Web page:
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Create Instagram Filters

Create Instagram Filters

I am a fan of Instagram filters. They are so cool. I almost always use them because they are so handy, and with just a click of a few buttons, the photo I want to post is transformed.
Have you wondered if you can create one for yourself?
The answer is YES YOU CAN!
In this post, I will show you how you can create some image processing filters, with code and example images, to show how you can create your own filters using Python to transform any image.
You will need to install the following python libraries if it is not already installed:
opencv-python
matplotlib
numpy
Blur Filter
import cv2
import matplotlib.pyplot as plt
im = cv2.imread(‘input-image.jpg’)
dst = cv2.GaussianBlur(im,(5,5),cv2.BORDER_DEFAULT)
plt.imshow(dst)
plt.show()

(Top) Original image of a house (Image by giovanni gargiulo from Pixabay), (Bottom) Image after applying a blur filter

 

(Top ) Original image of pomegranates (Image by Simon Matzinger from Pixabay), (Bottom) Image after applying a blur filter
Edge Detection Filter
import cv2
import matplotlib.pyplot as plt
im = cv2.imread(‘input-image.jpg’)
edges = cv2.Canny(im,100,300)
plt.imshow(edges)
plt.show()

(Left) Original image of a house (Image by giovanni gargiulo from Pixabay), (Right) Image after applying an edge detection filter

(Left) Original image of a sunflower (Image by Capri23auto from Pixabay), (Right) Image after applying an edge detection filter
Vintage Filter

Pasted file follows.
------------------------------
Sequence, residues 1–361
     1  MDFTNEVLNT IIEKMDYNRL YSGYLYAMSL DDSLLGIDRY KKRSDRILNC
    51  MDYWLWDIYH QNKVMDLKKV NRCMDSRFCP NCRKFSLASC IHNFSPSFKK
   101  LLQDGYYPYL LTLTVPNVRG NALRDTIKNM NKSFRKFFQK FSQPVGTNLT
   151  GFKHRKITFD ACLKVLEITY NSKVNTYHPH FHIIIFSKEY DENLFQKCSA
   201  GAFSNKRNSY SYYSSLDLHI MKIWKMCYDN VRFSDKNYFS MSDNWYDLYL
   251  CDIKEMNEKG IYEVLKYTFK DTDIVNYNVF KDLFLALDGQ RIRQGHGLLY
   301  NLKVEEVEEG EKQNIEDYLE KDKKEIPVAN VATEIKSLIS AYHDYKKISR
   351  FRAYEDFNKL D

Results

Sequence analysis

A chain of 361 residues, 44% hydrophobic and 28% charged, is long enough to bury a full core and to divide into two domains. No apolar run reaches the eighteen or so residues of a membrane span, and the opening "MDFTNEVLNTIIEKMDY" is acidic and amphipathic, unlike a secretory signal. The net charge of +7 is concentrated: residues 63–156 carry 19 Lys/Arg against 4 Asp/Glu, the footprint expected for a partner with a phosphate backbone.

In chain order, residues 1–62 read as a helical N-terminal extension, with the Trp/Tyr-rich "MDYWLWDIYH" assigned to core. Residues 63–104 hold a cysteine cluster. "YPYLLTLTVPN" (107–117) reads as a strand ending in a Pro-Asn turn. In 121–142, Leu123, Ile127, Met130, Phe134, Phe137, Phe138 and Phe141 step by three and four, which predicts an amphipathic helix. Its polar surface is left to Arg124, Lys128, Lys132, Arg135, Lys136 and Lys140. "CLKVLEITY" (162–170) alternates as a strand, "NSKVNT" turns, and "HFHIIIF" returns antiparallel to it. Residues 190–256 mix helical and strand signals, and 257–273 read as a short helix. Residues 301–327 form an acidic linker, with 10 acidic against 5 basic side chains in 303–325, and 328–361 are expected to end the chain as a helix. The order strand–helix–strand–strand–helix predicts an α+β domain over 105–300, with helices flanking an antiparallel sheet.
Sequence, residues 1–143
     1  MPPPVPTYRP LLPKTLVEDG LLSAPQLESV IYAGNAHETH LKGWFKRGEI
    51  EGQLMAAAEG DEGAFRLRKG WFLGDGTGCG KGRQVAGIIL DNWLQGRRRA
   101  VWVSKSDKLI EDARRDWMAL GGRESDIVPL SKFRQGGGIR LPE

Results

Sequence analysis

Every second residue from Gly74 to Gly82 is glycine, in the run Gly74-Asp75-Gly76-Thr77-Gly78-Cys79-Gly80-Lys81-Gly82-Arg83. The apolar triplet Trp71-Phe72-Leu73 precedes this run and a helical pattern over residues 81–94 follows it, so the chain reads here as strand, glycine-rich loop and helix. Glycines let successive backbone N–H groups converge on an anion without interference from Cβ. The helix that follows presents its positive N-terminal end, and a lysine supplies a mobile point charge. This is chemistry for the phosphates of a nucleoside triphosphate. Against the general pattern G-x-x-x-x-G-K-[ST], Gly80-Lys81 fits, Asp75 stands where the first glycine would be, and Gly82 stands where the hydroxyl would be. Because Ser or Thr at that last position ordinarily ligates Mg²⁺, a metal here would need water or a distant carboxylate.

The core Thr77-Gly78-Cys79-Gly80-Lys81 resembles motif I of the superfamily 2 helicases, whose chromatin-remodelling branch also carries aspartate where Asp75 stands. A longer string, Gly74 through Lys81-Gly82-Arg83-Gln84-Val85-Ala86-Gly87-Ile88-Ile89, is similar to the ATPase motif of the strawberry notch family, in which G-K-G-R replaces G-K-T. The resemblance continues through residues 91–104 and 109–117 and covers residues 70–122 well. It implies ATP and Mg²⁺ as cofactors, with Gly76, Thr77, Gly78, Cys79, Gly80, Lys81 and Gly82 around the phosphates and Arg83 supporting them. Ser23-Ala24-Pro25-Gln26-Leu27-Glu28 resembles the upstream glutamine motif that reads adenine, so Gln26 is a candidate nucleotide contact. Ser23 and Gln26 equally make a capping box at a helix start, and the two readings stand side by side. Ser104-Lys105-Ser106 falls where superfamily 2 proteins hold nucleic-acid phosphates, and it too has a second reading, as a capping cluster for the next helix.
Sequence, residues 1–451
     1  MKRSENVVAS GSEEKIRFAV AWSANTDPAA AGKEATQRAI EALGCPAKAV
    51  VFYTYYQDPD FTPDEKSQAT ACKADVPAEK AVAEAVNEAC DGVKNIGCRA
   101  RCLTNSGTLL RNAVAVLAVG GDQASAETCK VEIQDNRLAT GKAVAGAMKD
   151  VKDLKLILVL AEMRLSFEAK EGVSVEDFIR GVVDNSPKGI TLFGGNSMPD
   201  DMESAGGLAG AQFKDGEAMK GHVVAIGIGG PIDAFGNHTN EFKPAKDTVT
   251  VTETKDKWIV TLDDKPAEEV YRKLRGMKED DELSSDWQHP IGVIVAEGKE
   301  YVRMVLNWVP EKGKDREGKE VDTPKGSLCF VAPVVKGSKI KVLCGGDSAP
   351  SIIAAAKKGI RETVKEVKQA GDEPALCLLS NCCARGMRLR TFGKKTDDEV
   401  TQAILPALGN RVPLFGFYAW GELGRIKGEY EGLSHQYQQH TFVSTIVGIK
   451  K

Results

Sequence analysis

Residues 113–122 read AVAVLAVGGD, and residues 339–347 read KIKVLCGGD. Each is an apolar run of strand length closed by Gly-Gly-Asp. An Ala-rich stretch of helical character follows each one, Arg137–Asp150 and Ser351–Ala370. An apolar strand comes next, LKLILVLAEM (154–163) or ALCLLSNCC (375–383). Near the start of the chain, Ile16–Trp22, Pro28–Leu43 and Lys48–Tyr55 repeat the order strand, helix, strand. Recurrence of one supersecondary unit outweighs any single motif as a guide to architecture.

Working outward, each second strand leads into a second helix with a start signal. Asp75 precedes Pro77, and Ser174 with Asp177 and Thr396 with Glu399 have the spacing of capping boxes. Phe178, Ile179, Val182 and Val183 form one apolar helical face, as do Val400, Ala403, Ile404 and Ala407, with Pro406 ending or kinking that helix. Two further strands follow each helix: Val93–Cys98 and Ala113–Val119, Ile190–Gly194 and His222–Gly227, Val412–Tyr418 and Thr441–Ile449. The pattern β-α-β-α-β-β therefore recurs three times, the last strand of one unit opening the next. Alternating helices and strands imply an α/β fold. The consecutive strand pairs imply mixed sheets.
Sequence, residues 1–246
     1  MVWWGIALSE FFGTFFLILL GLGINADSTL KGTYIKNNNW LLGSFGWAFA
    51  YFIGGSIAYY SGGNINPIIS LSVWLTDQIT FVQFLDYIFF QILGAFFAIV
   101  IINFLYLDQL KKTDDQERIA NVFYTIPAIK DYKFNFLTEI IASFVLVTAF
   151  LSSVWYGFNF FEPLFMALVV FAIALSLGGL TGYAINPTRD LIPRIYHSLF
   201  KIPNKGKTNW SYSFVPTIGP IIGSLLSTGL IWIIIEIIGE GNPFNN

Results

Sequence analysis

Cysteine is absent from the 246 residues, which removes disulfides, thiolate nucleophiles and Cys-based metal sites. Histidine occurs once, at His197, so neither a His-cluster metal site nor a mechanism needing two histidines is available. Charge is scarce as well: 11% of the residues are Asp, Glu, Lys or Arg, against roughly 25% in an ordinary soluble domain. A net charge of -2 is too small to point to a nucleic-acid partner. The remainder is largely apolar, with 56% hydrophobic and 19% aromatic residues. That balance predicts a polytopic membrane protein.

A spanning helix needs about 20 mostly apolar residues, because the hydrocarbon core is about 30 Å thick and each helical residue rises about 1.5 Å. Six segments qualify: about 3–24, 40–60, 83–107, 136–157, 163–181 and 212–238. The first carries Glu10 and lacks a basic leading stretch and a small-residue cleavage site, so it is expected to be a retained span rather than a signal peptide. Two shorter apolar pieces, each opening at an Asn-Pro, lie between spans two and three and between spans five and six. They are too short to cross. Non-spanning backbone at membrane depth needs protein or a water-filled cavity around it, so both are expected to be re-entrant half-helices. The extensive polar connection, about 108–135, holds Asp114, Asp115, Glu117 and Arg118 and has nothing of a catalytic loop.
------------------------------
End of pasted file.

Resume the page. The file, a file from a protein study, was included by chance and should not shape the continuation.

import cv2
import numpy as np
from matplotlib import pyplot as plt
im = cv2.imread(‘input-image.jpg’)
rows, cols = im.shape[:2]
# Create a Gaussian filter
kernel_x = cv2.getGaussianKernel(cols,200)
kernel_y = cv2.getGaussianKernel(rows,200)
kernel = kernel_y * kernel_x.T
filter = 255 * kernel / np.linalg.norm(kernel)
vintage_im = np.copy(im)
# for each channel in the input image, we will apply the above filter
for i in range(3):
vintage_im[:,:,i] = vintage_im[:,:,i] * filter
plt.imshow(vintage_im)
plt.show()

(Left) Original image of a house (Image by giovanni gargiulo from Pixabay), (Right) Image after applying a viltage filter

(Left) Original image of a sunflower (Image by Capri23auto from Pixabay), (Right) Image after applying a vintage filter
Image processing using Python and OpenCV was shown in this post with code and example images.
Which filter is your favourite? Leave your thoughts as comments below.
Click here to read my other posts on AI/Machine Learning.
Sources:
OpenCV
Open Computer Vision Library
opencv.org
OpenCV: Canny Edge Detector

docs.opencv.org